And I mean that less negatively than the statement might convey. The main problem is when I sign up for a course I don’t really know what to expect. In many ways this is because everyone involved - students and professors are all experimenting and testing but in some ways this is also becoming frustrating.
This post focuses on video quality. This ranges from mediocre to great. In this category is the streaming experience as well as the lecture quality.
Using Chrome, the quality is sometimes degraded - requiring a full download in order to watch without blurring lines. It also requires the use of VLC player rather than WMP (although other players could also work). This is a technology problem and can and should be fixed. The degraded streaming experience is annoying and frustrating. Just as some text is being highlighted all I see are a bunch blurry lines. this problem varies across institutions within Coursera so the ball is definitely in Coursera’s court.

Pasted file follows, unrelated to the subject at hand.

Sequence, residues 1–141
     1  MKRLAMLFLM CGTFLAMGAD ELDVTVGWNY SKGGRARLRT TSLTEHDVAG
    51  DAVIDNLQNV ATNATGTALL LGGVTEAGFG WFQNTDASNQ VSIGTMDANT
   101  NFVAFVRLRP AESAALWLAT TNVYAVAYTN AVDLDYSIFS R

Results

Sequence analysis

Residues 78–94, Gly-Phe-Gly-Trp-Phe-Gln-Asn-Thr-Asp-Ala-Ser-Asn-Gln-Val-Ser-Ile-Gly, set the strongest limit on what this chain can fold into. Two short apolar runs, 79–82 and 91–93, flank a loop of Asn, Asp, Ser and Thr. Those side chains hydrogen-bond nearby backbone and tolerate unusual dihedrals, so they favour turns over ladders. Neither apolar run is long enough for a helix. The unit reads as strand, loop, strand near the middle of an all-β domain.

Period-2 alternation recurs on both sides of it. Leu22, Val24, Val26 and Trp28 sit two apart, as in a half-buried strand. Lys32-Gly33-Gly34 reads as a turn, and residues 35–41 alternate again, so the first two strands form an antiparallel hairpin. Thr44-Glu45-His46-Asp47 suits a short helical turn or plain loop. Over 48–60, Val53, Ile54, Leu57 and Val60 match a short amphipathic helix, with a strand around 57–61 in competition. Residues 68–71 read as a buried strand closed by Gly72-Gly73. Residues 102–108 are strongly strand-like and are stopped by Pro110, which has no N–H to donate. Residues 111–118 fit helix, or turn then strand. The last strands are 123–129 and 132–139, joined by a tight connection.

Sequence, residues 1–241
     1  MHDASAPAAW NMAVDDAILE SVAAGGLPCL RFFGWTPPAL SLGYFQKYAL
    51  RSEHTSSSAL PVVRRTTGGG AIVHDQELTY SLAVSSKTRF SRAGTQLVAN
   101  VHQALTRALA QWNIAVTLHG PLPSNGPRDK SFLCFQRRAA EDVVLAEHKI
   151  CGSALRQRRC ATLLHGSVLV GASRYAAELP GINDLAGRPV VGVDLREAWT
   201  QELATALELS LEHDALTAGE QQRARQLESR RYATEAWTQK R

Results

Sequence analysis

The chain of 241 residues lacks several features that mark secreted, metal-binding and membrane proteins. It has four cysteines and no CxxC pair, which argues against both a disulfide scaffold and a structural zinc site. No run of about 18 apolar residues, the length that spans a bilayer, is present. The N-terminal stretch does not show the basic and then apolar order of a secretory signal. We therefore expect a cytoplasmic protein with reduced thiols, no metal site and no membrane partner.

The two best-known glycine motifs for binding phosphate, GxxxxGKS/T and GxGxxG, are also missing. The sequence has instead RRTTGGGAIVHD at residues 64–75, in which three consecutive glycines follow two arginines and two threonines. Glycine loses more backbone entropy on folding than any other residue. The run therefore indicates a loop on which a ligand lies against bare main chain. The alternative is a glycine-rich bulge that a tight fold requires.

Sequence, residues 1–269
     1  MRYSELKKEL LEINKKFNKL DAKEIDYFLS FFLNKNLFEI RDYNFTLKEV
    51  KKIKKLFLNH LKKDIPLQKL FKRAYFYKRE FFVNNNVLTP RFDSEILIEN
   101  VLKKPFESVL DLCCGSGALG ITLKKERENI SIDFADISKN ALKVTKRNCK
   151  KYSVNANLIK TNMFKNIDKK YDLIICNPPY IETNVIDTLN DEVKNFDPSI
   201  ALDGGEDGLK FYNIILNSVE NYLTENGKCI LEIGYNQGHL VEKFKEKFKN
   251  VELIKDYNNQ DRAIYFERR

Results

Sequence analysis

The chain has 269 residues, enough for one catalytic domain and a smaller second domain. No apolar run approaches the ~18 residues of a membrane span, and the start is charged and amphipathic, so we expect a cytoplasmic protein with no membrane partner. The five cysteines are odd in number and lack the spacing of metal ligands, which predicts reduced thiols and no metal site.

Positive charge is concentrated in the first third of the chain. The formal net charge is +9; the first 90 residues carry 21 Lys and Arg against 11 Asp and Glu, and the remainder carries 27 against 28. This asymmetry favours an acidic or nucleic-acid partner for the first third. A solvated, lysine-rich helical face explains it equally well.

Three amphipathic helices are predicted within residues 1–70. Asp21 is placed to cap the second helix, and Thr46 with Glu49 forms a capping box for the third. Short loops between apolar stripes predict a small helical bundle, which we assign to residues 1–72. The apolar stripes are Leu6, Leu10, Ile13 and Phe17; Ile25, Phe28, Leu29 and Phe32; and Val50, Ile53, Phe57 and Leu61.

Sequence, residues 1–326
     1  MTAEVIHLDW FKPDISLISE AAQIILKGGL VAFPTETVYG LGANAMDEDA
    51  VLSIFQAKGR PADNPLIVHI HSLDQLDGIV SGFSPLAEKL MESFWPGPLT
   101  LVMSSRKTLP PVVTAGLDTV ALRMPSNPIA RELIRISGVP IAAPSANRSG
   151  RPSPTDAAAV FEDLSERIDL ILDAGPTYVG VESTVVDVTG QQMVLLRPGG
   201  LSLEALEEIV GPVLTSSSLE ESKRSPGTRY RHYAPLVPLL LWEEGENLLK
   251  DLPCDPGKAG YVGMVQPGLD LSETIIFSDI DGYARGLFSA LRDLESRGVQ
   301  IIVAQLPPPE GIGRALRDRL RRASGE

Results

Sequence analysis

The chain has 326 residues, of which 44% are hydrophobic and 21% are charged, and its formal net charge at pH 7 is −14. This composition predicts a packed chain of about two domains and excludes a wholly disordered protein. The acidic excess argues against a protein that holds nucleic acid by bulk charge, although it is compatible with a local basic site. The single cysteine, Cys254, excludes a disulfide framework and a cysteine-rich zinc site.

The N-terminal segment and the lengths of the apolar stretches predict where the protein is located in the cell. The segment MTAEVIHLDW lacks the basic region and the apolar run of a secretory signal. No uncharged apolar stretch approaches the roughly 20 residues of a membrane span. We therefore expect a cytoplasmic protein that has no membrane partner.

Lectures range from a video of a professor standing in front of a whiteboard a la ‘chalk and talk’ (and doing derivations on the board) to the (slick) use of Powerpoint/slides with videos within slides and or use of pen and highlights to draw attention to particular areas of the slides. The effectiveness of this approach varies with its extent and in general there is no real agreement for me which is the best approach. Having taken 5 courses I would think that it depends on the subject matter.
Again, the experience has ranged from mediocre to great. Unfortunately, some mediocre courses are need to somehow be flagged for attention. Coursera seems to have taken a franchise approach to MOOC in the sense that they provide the technology and platform and the professors/colleges provide the content. This approach has allowed them to expand course offerings at a rapid clip but quality may have been affected.
Perhaps Coursera feels that with the institution/professor’s reputation at stake, quality is self-enforcing in that no professor would be caught dead with mediocre lectures. Unfortunately, this can and has happened (my opinion only). Which leads to another problem - if a course undergoes some changes in the next round it is difficult to know what if any improvements have been made.
I would tend to generally file these under growing pains but the pace in which course offerings have expanded makes me think that the boys at Sand Hill Road are in the drivers seat - and driving recklessly. This pace could end up driving Coursera into mediocrity.